Navigating your paystub
Before reviewing the actual numbers, let’s take a moment to explore the way a paystub is structured.
A typical paystub will have your employer’s information in the upper left-hand corner, followed by the pay period for that paycheck. The upper right-hand corner will be stamped with the date the payment was issued.
Moving downward on the left-hand side, a section titled “Gross Pay,” will list the employee’s gross salary per pay period, along with any additional payments, such as overtime pay and benefits. Running parallel to these numbers will be two columns, one labeled “Current,” and the other labeled “YTD,” or year-to-date.
The right side of the paystub will be designated for tax information and deductions. Each of the items listed here will have separate numbers for current amounts and YTD.
Finally, the paystub will summarize all the information and provide a total for net pay.
Now let’s talk about what each of these items means.
Gross pay refers to the total sum of money earned in a pay period before taxes or deductions are withheld. This number represents the employee’s taxable income for the pay period.
The columns labeled “Current” and “YTD” help the employee track how much they’ve earned and paid in taxes and deductions for the pay period, and for the entire year through the respective pay period.
The “Gross Pay” section often includes the employee’s rate per hour and the number of hours worked in the pay period. When multiplied, these two amounts should be equal to the total gross pay.
There may also be various other payments listed here, such as overtime pay, bonuses and commissions.
In this section, the paystub lists the various taxes the employee and employer pay each pay period.
Here are the most common taxes listed on paystubs:
Federal income tax
Uncle Sam takes a bite out of every employee’s paycheck. The employer will use several pieces of information to determine an employee’s annual tax liability, including the employee’s marital status, income level and the amounts of allowances listed in their W-4. The estimated tax liability will be divided by the number of pay periods in a year to reach the amount that appears on the paystub. The employer will send this tax directly to the federal government.
At the end of the year, the difference between the employee’s actual tax liability and the amount withheld will either be refunded to the employee or collected from them, as necessary. Employees can choose to have more or less money deducted from each paycheck by adjusting the number of allowances listed in their W-4s.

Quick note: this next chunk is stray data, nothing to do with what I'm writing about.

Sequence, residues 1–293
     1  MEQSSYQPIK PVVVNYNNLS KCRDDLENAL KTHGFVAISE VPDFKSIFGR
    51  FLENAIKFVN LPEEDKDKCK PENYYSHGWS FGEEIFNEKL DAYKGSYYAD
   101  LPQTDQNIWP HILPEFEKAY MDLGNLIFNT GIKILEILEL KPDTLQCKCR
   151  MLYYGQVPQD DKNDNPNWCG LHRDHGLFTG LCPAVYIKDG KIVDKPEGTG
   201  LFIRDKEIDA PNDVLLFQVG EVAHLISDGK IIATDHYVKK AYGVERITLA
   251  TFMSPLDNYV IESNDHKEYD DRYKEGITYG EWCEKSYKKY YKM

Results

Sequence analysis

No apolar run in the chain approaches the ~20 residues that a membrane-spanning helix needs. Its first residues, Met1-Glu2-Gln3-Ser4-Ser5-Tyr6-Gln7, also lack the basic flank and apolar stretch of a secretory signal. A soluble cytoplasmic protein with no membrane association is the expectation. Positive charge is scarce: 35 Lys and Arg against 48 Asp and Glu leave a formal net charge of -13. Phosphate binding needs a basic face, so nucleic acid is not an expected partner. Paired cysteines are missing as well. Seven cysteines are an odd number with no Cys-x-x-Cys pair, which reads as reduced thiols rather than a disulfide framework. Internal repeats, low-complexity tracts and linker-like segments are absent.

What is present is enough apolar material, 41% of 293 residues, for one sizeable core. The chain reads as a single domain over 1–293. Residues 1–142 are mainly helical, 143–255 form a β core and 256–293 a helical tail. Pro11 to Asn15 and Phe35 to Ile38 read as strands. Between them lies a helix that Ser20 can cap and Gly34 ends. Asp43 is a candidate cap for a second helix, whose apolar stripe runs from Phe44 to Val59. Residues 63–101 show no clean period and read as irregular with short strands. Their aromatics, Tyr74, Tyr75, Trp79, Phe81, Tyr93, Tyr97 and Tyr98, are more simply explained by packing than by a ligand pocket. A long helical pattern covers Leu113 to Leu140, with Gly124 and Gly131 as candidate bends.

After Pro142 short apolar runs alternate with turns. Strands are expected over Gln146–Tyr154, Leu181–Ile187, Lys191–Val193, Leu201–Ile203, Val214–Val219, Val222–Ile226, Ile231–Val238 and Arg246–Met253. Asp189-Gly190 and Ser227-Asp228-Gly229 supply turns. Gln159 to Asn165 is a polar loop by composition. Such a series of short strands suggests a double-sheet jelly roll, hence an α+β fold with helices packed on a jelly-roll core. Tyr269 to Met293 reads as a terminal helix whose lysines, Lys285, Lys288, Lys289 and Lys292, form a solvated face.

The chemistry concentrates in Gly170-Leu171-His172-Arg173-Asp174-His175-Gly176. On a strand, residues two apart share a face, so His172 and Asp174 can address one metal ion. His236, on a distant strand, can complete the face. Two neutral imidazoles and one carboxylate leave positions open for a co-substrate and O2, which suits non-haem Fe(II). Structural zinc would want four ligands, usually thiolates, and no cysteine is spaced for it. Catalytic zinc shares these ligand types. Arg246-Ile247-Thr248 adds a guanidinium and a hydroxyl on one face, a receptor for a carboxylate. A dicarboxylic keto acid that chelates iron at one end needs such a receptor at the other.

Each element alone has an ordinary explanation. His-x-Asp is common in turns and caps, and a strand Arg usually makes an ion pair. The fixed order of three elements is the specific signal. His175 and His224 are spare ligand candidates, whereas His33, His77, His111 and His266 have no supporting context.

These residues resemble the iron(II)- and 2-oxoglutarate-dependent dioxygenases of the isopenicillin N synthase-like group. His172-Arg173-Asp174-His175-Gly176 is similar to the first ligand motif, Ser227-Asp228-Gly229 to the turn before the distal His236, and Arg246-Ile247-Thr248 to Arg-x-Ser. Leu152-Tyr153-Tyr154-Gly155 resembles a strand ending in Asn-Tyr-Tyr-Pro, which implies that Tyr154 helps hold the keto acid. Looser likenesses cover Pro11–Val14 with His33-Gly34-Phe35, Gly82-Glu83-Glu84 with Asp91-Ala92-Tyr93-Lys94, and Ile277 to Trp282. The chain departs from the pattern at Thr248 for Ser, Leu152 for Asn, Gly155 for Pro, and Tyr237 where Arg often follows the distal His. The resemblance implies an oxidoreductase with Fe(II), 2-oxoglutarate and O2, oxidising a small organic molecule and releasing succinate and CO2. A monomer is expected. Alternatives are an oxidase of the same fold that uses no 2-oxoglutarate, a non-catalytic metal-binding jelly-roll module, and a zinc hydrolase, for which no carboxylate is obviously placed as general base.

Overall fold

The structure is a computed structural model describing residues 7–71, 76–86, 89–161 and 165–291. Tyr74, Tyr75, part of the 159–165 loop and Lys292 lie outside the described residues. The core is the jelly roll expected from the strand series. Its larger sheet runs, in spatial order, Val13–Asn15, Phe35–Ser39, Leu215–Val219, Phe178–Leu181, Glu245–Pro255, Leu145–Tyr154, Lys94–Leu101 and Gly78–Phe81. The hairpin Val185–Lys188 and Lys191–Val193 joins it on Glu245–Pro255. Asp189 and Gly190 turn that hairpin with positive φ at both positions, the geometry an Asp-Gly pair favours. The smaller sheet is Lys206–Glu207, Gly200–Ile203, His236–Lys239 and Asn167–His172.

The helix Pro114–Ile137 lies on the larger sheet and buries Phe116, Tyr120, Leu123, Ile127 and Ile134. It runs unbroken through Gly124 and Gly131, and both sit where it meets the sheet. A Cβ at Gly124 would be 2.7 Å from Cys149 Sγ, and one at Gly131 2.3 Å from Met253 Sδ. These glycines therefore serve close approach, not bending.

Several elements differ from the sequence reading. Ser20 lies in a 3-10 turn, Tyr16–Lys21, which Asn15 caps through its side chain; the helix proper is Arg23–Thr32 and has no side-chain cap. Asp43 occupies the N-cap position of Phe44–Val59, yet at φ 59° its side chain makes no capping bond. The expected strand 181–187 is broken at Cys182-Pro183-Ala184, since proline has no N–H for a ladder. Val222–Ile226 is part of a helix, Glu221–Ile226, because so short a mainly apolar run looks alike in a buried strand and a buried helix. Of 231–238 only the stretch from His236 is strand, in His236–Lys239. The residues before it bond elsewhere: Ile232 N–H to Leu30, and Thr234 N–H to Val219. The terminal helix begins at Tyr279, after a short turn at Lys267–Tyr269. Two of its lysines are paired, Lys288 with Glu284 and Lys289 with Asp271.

Some states collect state income tax for each pay period.
Federal Insurance Contributions Act (FICA)
This refers to the law that requires every employee to contribute to the Social Security and Medicare programs with each paycheck. These contributions sometimes appear separately.
By law, every employee must pay 6.2% of their gross income to the Social Security fund. Employers must contribute an additional 6.2% for each employee. Self-employed workers must pay both the worker and employer portions of this tax, effectively doubling their Social Security tax liability.
Medicare tax liability is calculated as 1.45% of a worker’s gross income. Employers must pay an additional 1.45% for each employee they hire. Here, too, the self-employed must cover both contributions and pay 2.9% of their earnings to Medicare.
Most paystubs will separate the employer’s tax liability for these programs and the employee’s tax burden.
Besides for these mandated taxes, many workers will find additional deductions on their pay stubs. These include deductions for insurance coverage; deductions for a health savings account, which allows employees to set aside pre-tax dollars to be used for medical expenses; child care deductions; and deductions for retirement savings plans, including contributions to a 401K or IRA account.
Some paystubs will include a sub-section for employer contributions. This refers to any employer-sponsored contributions for retirement, healthcare costs and other benefits.
The final section of a paystub will summarize all the information listed above it and highlight the employee’s net pay, or the amount of money the employee will actually see on their paycheck. This section will also list any reimbursements, or money the business owes the employee for using their own funds for business-related expenses. In addition, the summary will include gross earnings, deductions and contributions and finally, the actual check amount.
Now that you know what each item on your paystub means, you can easily review it and check it for errors. You work hard for your money — don’t lose out from a careless mistake.
Your Turn: Did you ever find an error on your paystub? Tell us about it in the comments.
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